We will have a Christmas filled with the important things – life, laughter and love.

I feel sorry for those who support you not knowing the full story and the cuts you are making to welfare support for service and ex-service personnel.

Your website claims you provide practical care, advice and support to the Armed Forces family all year round.  Is that with the exception of ex-forces staff who have served you well?  I remember the long hours my husband worked including evenings and weekends on occasion.  I remember Christmas Eves sitting waiting for him to come home because he was putting your organisation and its clients first.  Shame on you for treating him and others so badly.

You may be able to silence traditional media outlets but you will not silence me.

 

 

 

 

 

I am half hoping nobody reads this as I feel awful about keep going on and on about the tough stuff.

I know so many people are facing harder times but we are struggling a bit to keep upbeat all the time with this so-and-so ing redundancy situation.

We have both had redundancy situations in the past but always because of funding issues in the charities we worked for.  That is hard but not hurtful as in the current situation where the Royal British Legion have dumped my husband after so many years of loyal service and whilst recruiting other staff to do very similar roles (they would argue that point of course).

My husband has had two weeks of travelling up and down the UK trying to find work.  Interviews most days and sometimes twice a day.  No job offer and he is clearly struggling emotionally.  And he hates that.   He is not a person who is comfortable in sharing his feelings so they get bottled up and then express themselves in anger and impatience.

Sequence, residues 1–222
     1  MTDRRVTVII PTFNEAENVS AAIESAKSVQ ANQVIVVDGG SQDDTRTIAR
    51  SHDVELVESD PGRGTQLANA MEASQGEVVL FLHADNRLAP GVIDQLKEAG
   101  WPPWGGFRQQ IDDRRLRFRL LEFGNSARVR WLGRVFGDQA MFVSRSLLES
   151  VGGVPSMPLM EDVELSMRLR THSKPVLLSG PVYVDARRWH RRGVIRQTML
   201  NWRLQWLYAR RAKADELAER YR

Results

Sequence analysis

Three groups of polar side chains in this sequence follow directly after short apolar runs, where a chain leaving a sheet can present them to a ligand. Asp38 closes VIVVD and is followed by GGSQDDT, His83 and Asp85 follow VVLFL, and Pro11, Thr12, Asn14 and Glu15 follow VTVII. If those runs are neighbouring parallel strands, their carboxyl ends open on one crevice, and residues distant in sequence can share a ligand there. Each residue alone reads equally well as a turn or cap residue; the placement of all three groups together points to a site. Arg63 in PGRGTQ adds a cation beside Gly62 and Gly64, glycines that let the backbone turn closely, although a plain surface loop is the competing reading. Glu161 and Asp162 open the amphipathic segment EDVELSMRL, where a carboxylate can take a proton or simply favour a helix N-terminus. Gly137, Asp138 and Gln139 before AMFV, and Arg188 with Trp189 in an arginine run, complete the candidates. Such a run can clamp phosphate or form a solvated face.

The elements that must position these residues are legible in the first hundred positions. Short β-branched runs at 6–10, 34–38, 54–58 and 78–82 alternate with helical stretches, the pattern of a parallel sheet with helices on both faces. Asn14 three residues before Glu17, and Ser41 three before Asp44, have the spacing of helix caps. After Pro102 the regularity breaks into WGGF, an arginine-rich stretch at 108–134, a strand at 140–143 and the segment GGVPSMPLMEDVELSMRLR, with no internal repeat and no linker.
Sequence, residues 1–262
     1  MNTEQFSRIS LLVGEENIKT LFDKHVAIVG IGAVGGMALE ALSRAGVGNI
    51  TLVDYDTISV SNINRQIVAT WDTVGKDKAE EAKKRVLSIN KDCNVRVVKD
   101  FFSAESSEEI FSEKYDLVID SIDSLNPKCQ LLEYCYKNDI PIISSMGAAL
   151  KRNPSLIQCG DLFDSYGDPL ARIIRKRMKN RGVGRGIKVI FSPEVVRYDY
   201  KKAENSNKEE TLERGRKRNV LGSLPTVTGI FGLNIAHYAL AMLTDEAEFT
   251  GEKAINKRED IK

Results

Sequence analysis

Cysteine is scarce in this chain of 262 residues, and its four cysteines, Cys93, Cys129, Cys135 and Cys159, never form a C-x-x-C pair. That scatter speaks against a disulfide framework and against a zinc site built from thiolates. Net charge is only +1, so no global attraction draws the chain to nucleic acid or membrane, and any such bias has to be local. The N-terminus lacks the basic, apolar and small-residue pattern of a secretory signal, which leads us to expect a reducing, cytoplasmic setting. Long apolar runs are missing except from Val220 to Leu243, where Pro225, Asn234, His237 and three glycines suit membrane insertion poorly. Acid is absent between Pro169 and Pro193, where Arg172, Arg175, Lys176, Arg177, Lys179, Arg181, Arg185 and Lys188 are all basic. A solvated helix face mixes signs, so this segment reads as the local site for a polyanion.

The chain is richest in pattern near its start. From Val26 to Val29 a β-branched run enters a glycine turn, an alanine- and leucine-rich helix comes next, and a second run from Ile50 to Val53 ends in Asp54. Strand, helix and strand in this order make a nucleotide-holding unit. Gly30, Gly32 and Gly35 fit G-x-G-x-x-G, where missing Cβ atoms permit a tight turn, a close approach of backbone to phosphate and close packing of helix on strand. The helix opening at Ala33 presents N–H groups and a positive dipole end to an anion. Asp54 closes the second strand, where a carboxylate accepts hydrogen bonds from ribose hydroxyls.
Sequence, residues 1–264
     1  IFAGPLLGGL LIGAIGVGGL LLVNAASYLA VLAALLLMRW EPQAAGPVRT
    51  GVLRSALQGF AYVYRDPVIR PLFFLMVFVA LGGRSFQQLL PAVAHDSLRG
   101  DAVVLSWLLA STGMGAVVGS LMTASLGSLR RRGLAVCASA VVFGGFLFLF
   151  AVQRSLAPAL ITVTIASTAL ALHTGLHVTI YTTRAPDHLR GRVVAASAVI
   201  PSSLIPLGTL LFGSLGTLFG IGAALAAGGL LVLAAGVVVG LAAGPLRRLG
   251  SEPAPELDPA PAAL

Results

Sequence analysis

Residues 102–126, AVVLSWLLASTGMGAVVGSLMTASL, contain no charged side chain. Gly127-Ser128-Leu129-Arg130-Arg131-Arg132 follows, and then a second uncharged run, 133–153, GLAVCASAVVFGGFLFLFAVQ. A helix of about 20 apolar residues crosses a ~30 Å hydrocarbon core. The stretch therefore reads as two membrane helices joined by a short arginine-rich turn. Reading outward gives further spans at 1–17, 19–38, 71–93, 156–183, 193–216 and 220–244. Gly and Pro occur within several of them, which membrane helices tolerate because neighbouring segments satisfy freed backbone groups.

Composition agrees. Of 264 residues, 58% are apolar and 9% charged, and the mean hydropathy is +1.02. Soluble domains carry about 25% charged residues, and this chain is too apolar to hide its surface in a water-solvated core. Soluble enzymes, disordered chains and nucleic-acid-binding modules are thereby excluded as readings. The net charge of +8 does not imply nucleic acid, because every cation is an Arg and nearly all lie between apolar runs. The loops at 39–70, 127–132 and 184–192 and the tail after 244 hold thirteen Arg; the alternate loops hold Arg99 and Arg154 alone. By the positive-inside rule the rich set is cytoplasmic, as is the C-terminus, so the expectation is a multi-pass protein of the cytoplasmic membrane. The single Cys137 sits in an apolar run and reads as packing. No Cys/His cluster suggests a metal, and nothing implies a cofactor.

He is tired.  He is worried about finances.

The final straw came when we were told our car can only be put back on the road if we spend £1000 or more.  We need the car really to attend interviews.  Also it is my late Dad’s car and somehow that still matters to me.

I feel like I am walking on egg shells.

And I am a proud person who does not react well when I feel got at or put down.  To much like my late Mum in that regard.

Am I the most supportive wife in the world?  No – I have always been better at taking practical action to help rather than doing the “there, there” stuff.

Also when someone struggles to tell you how they feel, it is hard to know quite how to support them.

So I have put my efforts into trawling job sites and helping with job applications (quite a lot as it goes).

I am also trying to find bits of work for me to keep the wolf from the door.

There is also the underlying resentment that I was not listened to when I saw the warning signs that my husband would have been better to jump ship from the Legion months or years ago.  That makes me rotten I know but it is there and sometimes it is expressed by me in perhaps not the most ideal ways.

I have suggested my husband sees the GP.  He is probably depressed and maybe needs a little help for now.

How terrible of me who has experienced depression to not have a clue what to say or do to support someone in its grip.

We will be OK in the medium to long-term.  We have to hold onto that belief but sometimes it is hard to do.